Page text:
• Futurama: during a scene that makes physicists cry, Mars is shooting right past Earth at such a short distance that Martian structures are knocking the tops off buildings, and it's possible to jump between the two worldsnote . Leela, with a broken leg, is trapped on the top of a Martian structure. Fry scales the Planet Express building to save her, takes her hand, and her arm comes off. She then grabs onto the bone at the end of the arm Fry is holding, and Fry's arm comes off too. Even given the velocities involved, if you can jump from one world to another, one does not have enough of a gravitational grip to remove limbs.
  • The Transformers: The Movie has Junkions who rather surprisingly manage to combine this trope with Implacable Man: they fall to pieces when hit, but they can simply pull themselves back together and keep fighting. Fortunately for the Autobots, they turn out to be pretty friendly and only attacked due to a misunderstanding.
  • The goblins from Trollhunters go splat with remarkable ease.
  • Soundwave in Transformers: Animated is not very tough, and can usually be broken in one strong hit. Justified because Soundwave is made of Earth machines, as opposed to Cybertronian material.

    Real Life 
  • It's worth noting that although we humans are tougher than we look, any human subjected to sufficient force will certainly seem made of plasticine. Everything from heavy blunt impacts, to industrial accidents, to (of course) military weaponry can easily reduce an entire human being to bone fragments and smears... or even vapor.
  • Osteogenesis imperfecta, better known as brittle bone disease, can cause your bones to shatter at even the slightest impact.
  • When a skin abscess ruptures, it will look to bystanders like the individual was just lightly touched and then simply popped like the world's most disgusting water balloon. In areas with modern medical care, these types of wounds are more common to see on animals than humans. But when finally brought in for treatment, even a slight touch during the exam may cause the skin to slough off, releasing a tide of pus, blood, lymph, and sometimes even insect larvae. Usually, it all cascades downward rather than exploding outward, but if its a particularly large abscess, the sheer volume may result in the medical practitioner and bystanders being splattered. Depending on the size, it may also leave a very large hole behind in the underlying flesh.
  • There are congenital disorders that make the skin very rubbery and fragile. If you are unlucky enough to have something like this and osteogenesis imperfecta, you will have a hard time surviving for very long, let alone through puberty.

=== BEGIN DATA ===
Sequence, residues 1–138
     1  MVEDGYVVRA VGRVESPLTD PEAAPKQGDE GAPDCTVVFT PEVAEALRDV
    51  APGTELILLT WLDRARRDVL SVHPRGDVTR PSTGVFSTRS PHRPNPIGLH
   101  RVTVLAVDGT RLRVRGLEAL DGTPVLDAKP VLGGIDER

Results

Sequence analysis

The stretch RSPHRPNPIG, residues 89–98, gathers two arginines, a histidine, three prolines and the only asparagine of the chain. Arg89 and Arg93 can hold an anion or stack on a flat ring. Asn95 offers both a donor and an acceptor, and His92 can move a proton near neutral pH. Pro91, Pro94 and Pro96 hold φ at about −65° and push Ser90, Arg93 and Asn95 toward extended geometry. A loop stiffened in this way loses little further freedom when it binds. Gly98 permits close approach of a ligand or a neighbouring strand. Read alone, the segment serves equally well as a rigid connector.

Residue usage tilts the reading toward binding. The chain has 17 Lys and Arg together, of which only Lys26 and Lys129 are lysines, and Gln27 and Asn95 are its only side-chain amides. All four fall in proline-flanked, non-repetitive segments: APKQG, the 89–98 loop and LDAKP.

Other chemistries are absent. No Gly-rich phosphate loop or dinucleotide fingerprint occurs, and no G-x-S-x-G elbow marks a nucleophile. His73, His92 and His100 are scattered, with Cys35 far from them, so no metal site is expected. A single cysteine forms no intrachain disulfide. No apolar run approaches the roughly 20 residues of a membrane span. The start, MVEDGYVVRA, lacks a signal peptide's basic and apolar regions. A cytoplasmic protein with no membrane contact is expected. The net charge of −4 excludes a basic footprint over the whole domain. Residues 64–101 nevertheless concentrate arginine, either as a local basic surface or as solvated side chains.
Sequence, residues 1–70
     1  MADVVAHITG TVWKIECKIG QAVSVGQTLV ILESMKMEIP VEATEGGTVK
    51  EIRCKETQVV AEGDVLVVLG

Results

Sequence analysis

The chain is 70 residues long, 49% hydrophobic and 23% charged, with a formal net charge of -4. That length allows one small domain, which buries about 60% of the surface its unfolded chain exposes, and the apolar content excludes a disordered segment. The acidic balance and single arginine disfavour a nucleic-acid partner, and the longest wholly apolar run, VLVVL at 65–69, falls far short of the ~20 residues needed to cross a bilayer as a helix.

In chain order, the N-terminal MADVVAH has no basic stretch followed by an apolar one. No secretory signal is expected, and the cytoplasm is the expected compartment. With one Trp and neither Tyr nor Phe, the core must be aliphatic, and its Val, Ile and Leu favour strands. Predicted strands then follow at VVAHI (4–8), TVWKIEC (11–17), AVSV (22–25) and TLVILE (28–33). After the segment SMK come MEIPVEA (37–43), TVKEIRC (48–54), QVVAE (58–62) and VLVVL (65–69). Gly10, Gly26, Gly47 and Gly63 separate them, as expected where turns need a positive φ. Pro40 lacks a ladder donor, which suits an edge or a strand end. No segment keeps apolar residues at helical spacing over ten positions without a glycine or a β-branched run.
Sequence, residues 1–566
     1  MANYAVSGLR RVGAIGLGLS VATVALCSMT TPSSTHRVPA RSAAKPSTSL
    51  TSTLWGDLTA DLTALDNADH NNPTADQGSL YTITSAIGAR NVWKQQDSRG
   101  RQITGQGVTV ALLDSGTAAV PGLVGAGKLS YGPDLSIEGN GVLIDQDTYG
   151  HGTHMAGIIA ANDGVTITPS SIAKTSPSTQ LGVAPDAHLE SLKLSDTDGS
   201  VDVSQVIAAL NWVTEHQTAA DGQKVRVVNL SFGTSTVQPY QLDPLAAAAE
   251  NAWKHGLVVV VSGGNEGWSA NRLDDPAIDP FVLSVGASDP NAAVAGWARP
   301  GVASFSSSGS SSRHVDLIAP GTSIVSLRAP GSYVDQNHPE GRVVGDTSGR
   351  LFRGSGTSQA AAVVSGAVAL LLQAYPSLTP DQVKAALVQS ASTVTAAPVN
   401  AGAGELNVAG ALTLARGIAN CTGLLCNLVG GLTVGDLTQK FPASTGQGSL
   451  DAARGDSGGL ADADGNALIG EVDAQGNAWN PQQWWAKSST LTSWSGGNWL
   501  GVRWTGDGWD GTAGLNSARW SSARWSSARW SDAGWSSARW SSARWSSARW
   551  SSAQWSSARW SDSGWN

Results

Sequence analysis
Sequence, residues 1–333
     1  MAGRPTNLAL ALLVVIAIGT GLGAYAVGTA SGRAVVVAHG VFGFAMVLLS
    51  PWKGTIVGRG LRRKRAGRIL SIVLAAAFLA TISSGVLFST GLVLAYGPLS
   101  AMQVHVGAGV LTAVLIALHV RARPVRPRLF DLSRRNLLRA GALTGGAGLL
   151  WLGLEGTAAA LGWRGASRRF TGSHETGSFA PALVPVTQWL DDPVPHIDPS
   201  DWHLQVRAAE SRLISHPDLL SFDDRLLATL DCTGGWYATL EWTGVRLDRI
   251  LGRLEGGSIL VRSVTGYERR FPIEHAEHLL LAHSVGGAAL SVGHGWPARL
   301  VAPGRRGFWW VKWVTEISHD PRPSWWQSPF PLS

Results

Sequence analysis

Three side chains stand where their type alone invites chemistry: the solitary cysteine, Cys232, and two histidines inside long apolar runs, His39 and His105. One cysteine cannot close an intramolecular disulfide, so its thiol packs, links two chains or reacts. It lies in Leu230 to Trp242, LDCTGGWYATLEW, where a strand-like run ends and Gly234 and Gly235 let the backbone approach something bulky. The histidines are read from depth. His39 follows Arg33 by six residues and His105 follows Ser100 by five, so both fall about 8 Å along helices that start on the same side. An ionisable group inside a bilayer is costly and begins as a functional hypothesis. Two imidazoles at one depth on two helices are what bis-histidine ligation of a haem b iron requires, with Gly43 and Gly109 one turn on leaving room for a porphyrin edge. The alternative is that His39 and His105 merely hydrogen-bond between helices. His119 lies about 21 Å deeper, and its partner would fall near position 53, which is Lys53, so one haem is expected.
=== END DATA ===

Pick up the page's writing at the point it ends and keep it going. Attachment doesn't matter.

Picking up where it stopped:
• A good example of the disorders mentioned above that can make the skin rubbery and fragile are certain types of Ehlers-Danlos Syndroms, or EDS. These genetic disorders affect the collagen in a person's body, usually leading to joint problems and skin texture abnormality, though there are different types that affect different things. Hypermobile type is known to make joints dislocate much more easily, as well as causing skin to be a bit stretchier and thinner than normal. Other types take the skin elasticity to a whole other level, Classical type being the best example. People with cEDS have been known to be able to stretch their skin a couple of inches from their body, most notably Garry Turner, who holds the world record at over 6 in, nearly 16 cm. Brittle Cornea Syndrome is another type of EDS, and Vascular EDS causes, many cardiac issues.
  • Mosquitoes. Any amount of force will turn these buggers into paste. If not for the fact that they are Explosive Breeders, they'd have gone extinct a while ago.
  • Any magic trick that posits the idea that someone can be bisected, decapitated, or generally distended with a few quick strokes of a blade. Then again, A Wizard Did It.
  • The appendages of most arthropods can be broken off at the joint fairly easily, these being weak points in their exoskeletons. In some cases this can actually be a defense mechanism, allowing bugs that get grabbed by the leg or partially ensnared in webs or similar sticky traps to get free via Life-or-Limb Decision, then grow a new leg.
  • Many lizards have a self-defence mechanism called autotomy where, if they are grabbed by the tail, some or all of the tail will simply detach and wriggle to create a distraction. The lizard may or may not be able to later regenerate the tail, depending on species.